New Video Game Could Speed Up Acquisition Timelines

By Yasmin Tadjdeh

ORLANDO, Fla. — By the time a piece of military equipment is fielded, it has already reached a point where it would be extremely costly to make soldier-recommended alterations. An Army-led initiative called synthetic prototyping hopes to collect that troop feedback earlier in the acquisition process in order to save time and money.

ESP is a synthetic game environment that lets soldiers evaluate emerging technology and provide feedback, said Lt. Col. Brian Vogt, a simulations operations officer at the Army Capabilities Integration Center.

It is important that the Army collects this critical soldier feedback at the start of an acquisition cycle in order to work in adjustments before it becomes too costly to make changes, he said Dec. 2 at the Interservice/Industry Training, Simulation and Education Conference.

“You don’t necessarily know the problem when you start. You have to evolve your understanding of the problem as you’re developing a solution,” he said. “By involving soldiers as the centerpiece of capability development, what happens is you are able to evolve the problem, your understanding of the problem and potential solutions for that problem. You’re also able to incorporate the natural creativity of soldiers into the solution as well.”

Too often soldiers are cut out of the acquisition process until the very end, he said. By the time a soldier gets a piece of equipment, there could be major problems that are expensive to fix.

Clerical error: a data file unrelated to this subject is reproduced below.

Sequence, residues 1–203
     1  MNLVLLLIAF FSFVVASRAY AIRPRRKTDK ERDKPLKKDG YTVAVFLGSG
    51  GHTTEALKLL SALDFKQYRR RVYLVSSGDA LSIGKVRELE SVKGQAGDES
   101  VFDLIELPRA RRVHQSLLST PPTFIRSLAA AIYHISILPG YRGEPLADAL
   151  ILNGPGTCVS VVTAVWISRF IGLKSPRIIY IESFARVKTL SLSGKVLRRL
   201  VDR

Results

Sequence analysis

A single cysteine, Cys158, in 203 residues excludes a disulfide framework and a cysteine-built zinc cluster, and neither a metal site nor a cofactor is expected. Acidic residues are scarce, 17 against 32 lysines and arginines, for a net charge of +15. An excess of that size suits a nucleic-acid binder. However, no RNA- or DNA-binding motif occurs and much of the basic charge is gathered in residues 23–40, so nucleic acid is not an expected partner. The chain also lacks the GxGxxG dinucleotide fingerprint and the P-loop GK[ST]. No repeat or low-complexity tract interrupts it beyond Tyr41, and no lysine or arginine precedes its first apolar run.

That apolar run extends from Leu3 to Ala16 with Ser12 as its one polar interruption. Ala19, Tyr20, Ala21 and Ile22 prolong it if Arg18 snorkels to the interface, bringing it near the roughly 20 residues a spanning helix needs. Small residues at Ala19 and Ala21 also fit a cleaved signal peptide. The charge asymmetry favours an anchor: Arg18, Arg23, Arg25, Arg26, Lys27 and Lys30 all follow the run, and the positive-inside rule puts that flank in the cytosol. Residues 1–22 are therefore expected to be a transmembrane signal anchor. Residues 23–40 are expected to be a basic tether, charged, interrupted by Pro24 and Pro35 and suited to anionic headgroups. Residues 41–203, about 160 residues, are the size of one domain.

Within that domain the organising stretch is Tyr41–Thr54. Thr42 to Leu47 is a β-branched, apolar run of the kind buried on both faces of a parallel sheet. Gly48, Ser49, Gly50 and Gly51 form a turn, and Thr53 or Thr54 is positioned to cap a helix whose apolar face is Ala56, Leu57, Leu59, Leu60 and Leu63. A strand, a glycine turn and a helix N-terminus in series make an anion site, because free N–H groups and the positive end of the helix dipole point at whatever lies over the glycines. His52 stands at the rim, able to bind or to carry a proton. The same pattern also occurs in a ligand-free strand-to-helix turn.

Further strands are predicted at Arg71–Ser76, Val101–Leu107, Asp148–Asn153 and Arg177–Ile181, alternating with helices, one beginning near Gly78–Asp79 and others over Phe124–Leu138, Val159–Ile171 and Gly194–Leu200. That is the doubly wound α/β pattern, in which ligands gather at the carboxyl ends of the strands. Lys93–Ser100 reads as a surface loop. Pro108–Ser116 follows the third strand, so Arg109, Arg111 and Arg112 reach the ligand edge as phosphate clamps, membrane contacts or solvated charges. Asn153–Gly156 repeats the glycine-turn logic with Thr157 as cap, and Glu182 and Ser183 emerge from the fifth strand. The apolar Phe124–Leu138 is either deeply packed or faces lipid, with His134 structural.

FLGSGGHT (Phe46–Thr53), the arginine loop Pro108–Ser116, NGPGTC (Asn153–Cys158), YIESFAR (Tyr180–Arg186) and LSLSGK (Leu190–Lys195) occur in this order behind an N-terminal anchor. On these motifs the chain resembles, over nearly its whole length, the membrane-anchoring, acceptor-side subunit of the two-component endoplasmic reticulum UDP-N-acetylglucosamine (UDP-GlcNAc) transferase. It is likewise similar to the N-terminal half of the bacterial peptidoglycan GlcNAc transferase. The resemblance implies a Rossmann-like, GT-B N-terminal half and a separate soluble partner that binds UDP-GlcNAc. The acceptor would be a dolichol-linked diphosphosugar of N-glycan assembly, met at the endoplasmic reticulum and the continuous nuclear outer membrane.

“It’s like this trickle down effect. Soldiers are the last ones … to be involved in the process,” Vogt said. “Because soldiers aren’t always an integral part of the solution or the development, [the technology] may miss the mark.”

When a capability or need is discovered, engineers can create models of a piece of equipment, such as a vehicle, and put it into a game scenario. Soldiers can then go into a scenario “that address questions associated with that capability,” Vogt said. Participants then provide implicit and explicit feedback while playing.

“We can take their feedback and … put it back into the system,” Vogt said. “They say, ‘That’s a great vehicle. It needs to be able to do this. Or it should look like this. Or it needs to have a capability that does this.’”

That type of experimentation in the game can be done very quickly, he said. Game engineers can then modify the model within one to two weeks.

The game, which the Army is still producing, will be played by both on- and off-duty soldiers during their personal time. Convincing a soldier to play the ESP game over a popular one such as Call of

Duty is tough, Vogt said. However, an individual soldier knowing that his or her participation can influence a program is a powerful incentive, he noted.

If just one percent of the Army, including active duty, the Guard and the Reserve, played one hour per month of the game, the Army would collect 10,000 hours of game play for analysis.

Because the game can be played anywhere, it is cost effective. Further, the environment resonates with soldiers who grew up playing video games, Vogt said.

The Army Capabilities Integration Center in November tested the game with 32 soldiers at Fort Bliss, Texas. Afterwards, the Army was able to collect feedback and run an analyses, Vogt told National Defense. Next week, the group will test the game with 100 soldiers of varying ranks.

The game is slated for completion by July 2015, Vogt noted. It is anticipated that 5,000 soldiers will be able to play it at that time.

Topics: Simulation Modeling Wargaming and Training, Videogames

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